Creating Half Circle in PowerPoint 2013
Learn to create a half circle in PowerPoint 2013.
Author: Geetesh Bajaj
Product/Version: Microsoft PowerPoint 2013
OS: Windows 7 and 8
An Indezine reader asked a long time ago if one could create three circles next to each other, and make sure that they looked like this:
- The leftmost circle should be filled-in completely
- The second circle should be half full
- The third and the rightmost circle should have no fill, to represent something that is empty
A visual is worth a thousand words -- so do look at Figure1 to understand this
Figure 1: The filled, half filled, and empty circles
This sort of visual can be used in many scenarios, but is best used when you are explaining an analogy. Also for the classic half-filled or half-empty perspective, you can create a visual with just the middle circle shown in Figure 1. And really speaking, we have used circles -- but you could use just any shape you want!
Let's now explore how to create a visual of this sort. The first and third circles are easy -- all you need to do is ensure that the first circle has both an outline and a solid fill, and that the third circle has only an outline without a fill -- for the latter, you will use the No Fill attribute. The second circle (half circle) is an easy challenge that we'll teach you to create in this one page tutorial using PowerPoint 2013.
Follow these steps to get started:
- Launch PowerPoint 2013. Most of the time, PowerPoint will open with a new slide in a presentation --
you can change the slide
layout to Blank by selecting the Home tab | Layout
- Create a perfect circle,
as shown in Figure 2.
Figure 2: Perfect Circle
the circle to make two more copies of it as shown in Figure 3.
Figure 3: Three circles with same attributes
- Select all three circles, and optionally increase the
of their outlines. You can also
change the line
color. Your circles will look similar to what you can see in Figure 4.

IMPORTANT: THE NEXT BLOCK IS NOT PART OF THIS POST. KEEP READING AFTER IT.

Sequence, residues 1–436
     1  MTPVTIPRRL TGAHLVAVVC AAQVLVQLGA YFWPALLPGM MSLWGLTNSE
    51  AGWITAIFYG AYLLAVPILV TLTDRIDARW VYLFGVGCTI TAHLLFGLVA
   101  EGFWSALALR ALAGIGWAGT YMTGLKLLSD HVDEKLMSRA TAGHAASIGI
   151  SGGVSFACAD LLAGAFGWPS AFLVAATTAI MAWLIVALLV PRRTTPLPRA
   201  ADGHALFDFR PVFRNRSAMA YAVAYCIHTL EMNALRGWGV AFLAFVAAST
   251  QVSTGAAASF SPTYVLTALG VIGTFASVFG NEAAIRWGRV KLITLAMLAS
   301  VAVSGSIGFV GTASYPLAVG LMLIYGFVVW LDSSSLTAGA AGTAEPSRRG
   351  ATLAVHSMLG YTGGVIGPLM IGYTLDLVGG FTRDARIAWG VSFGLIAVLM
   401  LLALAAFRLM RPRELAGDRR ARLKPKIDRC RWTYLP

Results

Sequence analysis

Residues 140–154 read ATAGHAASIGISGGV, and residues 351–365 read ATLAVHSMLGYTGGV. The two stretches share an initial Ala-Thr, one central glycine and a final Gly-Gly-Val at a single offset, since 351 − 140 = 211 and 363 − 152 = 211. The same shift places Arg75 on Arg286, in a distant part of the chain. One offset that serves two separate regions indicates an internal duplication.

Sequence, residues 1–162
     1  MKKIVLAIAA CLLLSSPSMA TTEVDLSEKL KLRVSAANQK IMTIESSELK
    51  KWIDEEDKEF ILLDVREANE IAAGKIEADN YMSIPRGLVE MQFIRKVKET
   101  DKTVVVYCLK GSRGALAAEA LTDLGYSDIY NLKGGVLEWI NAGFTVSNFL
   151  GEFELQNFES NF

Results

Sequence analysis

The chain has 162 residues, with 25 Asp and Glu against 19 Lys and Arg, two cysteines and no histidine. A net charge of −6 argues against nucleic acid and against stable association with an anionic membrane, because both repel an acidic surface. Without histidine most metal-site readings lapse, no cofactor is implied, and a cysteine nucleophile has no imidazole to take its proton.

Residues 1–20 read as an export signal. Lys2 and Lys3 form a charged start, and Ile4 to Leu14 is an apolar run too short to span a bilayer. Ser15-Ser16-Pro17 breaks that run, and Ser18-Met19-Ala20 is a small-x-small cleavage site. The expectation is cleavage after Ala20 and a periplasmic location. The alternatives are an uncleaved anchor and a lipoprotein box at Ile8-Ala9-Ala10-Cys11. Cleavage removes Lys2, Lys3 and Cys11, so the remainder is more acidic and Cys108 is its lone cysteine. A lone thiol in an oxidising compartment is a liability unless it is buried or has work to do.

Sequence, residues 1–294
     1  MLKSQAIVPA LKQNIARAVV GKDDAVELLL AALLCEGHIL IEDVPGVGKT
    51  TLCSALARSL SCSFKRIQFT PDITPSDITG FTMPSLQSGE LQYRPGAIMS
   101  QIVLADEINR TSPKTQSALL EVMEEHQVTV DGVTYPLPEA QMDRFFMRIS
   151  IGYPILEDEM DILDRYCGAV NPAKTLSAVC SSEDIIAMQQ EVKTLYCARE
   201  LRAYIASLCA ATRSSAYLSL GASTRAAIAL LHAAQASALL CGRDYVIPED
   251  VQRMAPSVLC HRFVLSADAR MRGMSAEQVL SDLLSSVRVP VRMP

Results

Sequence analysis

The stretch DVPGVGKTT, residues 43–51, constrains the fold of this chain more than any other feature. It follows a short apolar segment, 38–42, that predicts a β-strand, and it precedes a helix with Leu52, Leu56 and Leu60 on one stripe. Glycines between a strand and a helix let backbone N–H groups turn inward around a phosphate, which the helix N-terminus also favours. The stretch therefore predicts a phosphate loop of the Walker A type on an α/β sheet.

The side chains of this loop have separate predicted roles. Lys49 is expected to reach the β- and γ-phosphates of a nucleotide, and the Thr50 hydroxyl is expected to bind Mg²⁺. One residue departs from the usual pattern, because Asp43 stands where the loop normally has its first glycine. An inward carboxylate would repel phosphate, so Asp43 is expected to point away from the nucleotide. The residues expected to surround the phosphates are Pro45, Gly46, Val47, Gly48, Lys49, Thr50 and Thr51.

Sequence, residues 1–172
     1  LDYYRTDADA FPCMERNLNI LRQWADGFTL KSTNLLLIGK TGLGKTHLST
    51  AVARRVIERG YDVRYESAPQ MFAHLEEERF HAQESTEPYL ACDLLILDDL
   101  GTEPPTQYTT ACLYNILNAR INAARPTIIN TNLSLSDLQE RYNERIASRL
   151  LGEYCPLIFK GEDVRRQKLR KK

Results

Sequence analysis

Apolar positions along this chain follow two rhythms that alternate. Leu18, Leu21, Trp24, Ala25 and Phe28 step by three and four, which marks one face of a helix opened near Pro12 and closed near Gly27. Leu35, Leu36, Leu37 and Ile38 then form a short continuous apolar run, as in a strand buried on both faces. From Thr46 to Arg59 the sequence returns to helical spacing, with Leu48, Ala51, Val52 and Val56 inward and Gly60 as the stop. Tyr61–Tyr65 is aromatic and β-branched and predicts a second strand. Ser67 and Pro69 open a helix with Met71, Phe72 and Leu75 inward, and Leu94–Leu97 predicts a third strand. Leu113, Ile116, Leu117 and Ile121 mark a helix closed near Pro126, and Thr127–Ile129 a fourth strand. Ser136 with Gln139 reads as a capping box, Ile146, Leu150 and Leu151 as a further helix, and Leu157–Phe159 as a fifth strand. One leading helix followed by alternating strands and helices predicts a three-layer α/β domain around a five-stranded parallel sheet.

Figure 4: Circles with thick outlines
- Select the second and third circles, and format their fill attributes to
as shown in Figure 5.
Figure 5: 2nd and 3rd circles with fill removed
- Now create a semi-circle elsewhere on the slide, as explained in our
Creating a Semi-Circle in PowerPoint
- Now, copy the shape attributes of the first circle and apply them to the new semicircle using the
Format Painter. Then set the outline
for this semi-circle to
No Outline. Copy this
semi-circle and paste it on top of the second circle so that it looks like what you can see in
Figure 6: Paste semi-circle on the second circle
- Now carefully select the pasted semi-circle, right-click and from the resultant contextual menu, choose
Send To Back | Send To Back option as shown in Figure 7.
Figure 7: Send the semi-circle backward
Tip: If you want to know more about re-ordering the shapes, go to our tutorial Reorder Shapes in PowerPoint 2013.
- This will send the selected semi-circle behind the full circle and now your second circle will look like a
half circle, as shown in Figure 8.
Figure 8: Half circle created using a semi-circle and circle
- Once done, save your presentation.
Have your ever used keyboard shortcuts and sequences in PowerPoint? Or are you a complete keyboard aficionado? Do you want to learn about some new shortcuts? Or do you want to know if your favorite keyboard shortcuts are documented?
Go and get a copy of our PowerPoint Keyboard Shortcuts and Sequences E-Book.